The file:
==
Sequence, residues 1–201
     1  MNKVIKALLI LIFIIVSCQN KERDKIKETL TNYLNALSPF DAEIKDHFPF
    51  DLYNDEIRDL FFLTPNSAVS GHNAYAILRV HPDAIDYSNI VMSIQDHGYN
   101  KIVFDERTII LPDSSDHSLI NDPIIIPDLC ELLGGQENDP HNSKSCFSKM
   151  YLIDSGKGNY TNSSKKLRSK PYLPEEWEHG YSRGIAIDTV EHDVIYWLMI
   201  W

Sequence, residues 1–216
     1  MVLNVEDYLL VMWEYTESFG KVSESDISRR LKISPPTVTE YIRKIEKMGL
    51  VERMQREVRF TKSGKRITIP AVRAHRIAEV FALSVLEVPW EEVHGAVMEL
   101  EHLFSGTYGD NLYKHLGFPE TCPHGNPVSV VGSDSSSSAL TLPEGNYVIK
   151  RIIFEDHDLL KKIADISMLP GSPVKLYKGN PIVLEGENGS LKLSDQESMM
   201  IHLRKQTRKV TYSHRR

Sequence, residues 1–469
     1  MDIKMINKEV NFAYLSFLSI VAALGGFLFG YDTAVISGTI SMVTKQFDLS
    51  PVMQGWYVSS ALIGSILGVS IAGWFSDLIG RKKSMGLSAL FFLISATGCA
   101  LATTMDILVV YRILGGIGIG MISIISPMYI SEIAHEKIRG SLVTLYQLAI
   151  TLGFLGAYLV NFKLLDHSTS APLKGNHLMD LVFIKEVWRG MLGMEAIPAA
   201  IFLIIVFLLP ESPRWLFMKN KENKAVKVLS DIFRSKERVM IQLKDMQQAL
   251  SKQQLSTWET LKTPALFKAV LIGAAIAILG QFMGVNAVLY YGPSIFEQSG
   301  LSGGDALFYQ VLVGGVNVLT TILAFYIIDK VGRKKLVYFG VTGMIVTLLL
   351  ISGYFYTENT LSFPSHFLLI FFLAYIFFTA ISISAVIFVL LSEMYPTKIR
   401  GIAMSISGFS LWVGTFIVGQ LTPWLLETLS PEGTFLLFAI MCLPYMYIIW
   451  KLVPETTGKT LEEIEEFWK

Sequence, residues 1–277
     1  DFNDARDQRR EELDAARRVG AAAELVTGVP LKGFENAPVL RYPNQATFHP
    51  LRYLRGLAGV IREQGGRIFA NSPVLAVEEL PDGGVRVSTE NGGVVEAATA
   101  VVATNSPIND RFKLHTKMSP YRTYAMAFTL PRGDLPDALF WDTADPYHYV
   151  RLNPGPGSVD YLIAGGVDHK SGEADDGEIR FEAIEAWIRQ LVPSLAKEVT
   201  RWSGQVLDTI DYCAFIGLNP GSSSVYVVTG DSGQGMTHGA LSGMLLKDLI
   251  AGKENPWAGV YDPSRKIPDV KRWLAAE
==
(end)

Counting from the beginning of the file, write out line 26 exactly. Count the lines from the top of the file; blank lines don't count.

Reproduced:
    51  LRYLRGLAGV IREQGGRIFA NSPVLAVEEL PDGGVRVSTE NGGVVEAATA